Tiles, tiles and more tiles

Do you know how many tiles there are to be considered in a new home? We have three full bathrooms as well as the kitchen, office kitchenette and the laundry. That’s a lot of wet area to cover.

Beautiful big 900 x 300 tiles can be used as an alternative to a glass splashback

While it appeared fairly daunting at first, I have to commend the sales staff at Beaumont Tiles in Brendale QLD, for their assistance in explaining the different types of tiles to us and helping us narrow down the final choices. They also have a great in-store computer program that allowed us to see how the tiles might look installed using various laying patterns.

Floor Tiles

The floor tiles throughout the house are 600 x 300 mid-grey, rectified tiles.In the end we kept it fairly simple for the flooring tiles. We decided to use the same mid-grey floor tile throughout all the wet areas and I was delighted to note that the tile selected blends well with both the timber flooring and the carpet. It is complemented by a mid-grey coloured grout; this slightly darker colour looks fantastic as well as minimising the problem of discolouration as the grout ages. This was also a cheaper option than using silicon grout – which I would have loved – but I did have a budget to try to reign in.

The tile has a rectified edge. Rectified, as I learnt, literally means corrected and refined. Rectified tiles are those that have been cut after firing (baking) to ensure their size and shape is perfect. This means that the tiles have a nice square edge to them, giving the floor an overall cleaner and more modern appearance.

After the mistake of using a slippery-when-wet, high gloss tile on the floor when we renovated our Queenslander, we chose a Lappato (semi-textured) finish for all our floor tiles. This finish creates a matt surface, which not only looks great, but has the benefit of preventing the bathroom floor from turning into a skating rink when wet.

Wall Tiles

Large white 600 x 300 gloss wall tiles complement the darker grey tiles on the floors. The downstairs bathroom is wheelchair accessible as well.

The downstairs bathroom is wheelchair accessible, so it’s spacious as well as being light and bright.

For all the bathroom walls we went with a full-gloss white tile with a horizontal patterned watermark through it. This reflects a lot of light, which you obviously want in a bathroom. This is especially beneficial in our ensuite which only has a small high window to provide natural light.

Each of the showers (no baths in this house – I’ll explain why some other time) has a shower niche – or two. This provides a spot to put the shampoo bottles and soap. To highlight these we chose glass mosaic tiles, and oh my – don’t they look good, so worth the money.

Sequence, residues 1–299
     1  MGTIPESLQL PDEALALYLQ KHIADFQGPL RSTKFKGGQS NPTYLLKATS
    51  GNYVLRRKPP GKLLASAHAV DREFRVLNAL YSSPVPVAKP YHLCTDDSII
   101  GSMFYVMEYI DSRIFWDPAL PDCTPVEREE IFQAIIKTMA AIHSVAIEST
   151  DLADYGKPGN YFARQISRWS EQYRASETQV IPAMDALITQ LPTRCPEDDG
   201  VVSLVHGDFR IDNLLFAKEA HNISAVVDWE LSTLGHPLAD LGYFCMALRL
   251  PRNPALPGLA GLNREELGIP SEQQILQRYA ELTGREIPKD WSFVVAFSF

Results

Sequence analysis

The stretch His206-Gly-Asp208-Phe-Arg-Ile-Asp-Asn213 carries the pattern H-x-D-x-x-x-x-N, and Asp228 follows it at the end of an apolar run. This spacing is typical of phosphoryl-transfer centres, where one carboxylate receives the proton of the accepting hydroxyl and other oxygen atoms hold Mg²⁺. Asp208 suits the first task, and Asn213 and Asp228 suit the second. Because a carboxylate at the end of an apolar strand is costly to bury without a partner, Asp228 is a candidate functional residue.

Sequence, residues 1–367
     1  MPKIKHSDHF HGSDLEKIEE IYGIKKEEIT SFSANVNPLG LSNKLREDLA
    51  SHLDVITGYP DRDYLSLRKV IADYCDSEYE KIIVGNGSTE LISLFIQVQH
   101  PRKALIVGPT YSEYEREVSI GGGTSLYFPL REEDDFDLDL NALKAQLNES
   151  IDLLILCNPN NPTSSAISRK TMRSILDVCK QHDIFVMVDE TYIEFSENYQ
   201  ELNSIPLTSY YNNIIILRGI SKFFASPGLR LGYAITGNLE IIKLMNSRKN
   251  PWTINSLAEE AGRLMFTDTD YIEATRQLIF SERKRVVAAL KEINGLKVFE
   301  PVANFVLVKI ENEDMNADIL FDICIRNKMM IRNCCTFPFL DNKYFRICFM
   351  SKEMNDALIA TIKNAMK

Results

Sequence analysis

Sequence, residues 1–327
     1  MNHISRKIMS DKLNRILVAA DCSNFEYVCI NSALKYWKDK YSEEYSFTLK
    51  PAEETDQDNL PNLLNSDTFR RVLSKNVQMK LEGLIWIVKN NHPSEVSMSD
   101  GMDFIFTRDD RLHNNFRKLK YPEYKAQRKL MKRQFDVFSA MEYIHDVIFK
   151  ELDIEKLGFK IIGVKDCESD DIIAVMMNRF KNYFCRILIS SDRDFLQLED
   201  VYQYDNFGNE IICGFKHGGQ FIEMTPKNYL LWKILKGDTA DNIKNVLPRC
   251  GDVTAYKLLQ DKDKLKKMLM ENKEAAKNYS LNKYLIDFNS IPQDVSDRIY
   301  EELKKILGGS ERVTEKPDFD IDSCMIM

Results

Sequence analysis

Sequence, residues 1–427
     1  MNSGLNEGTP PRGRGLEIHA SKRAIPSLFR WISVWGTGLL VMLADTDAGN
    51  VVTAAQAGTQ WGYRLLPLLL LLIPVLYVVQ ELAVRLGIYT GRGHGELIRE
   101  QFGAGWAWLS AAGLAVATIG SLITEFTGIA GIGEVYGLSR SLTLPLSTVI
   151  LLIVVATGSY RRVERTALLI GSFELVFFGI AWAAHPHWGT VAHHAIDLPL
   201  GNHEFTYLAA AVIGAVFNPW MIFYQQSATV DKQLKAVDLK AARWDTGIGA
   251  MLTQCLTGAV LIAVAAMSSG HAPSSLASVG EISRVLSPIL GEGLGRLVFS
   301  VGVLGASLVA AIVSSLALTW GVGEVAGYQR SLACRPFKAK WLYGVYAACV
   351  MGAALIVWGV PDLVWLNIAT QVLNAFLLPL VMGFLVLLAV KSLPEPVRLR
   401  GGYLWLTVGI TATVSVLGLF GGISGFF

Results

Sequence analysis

If you’re doing a bathroom renovation you really need to consider adding a shower niche. Then do yourself a favour and get the mosaics, I get so many admiring comments from visitors.

Kitchen Splashback

While I had originally been considering a glass splash-back for the kitchen, I fell in love with a 900mm x 300mm tile we came across in the shop. Yes, they were on the expensive side, however they add great texture and interest to the predominantly white kitchen and I can justify the cost as they worked out roughly the same as the glass splash-back would have. Again we used a coloured grout – olive this time – this will assist to hide any discolouration caused by cooking splashes.

These large 900 x 300 tiles were expensive and the tiler took care to measure twice before cutting, the end result is worth the expense though.

These large 900 x 300 tiles were expensive and the tiler took care to measure twice before cutting, the end result is worth the expense though.

Laundry and Pantry

The pantry and laundry tiles are plain while, using a simple but effective subway pattern.While it got the same floor tile treatment as the rest of the wet areas, the laundry was finished in plain white tiles laid in a subway pattern. The pantry floor is timber and the same subway pattern was used to line the pantry walls. This was enough in these utilitarian areas; they look clean but smart.

 The Office Kitchenette

I love my office – as I may have said before. The kitchenette looks great and has been finished off with soft grey tiles highlighted with the same glass tiles used in the bathrooms.

Mosaic tiles add a pop of colour to the plain dove grey splashback tiles

I love these beautiful mosaic tiles, they are the same ones we used in the bathrooms.

As noted earlier, the floor of the kitchenette area and the toilet has been finished in the same matt grey floor tiles as the remainder of the house.

Overall, the tile treatment has been kept fairly simple for the main part; this allowed us to keep the costs down because we were purchasing a large number of the same tiles. It was also good to shop around and find out what was available ourselves. Our builder agreed to deduct the cost of the tiles from our final invoice if we didn’t want to use his preferred supplier, which worked out well for us. The first supplier didn’t have any tiles we were happy with however our visit to the Beaumont Tiles came up trumps, with a lot more variety at a better price. Thanks guys.

Note: This is NOT a sponsored post


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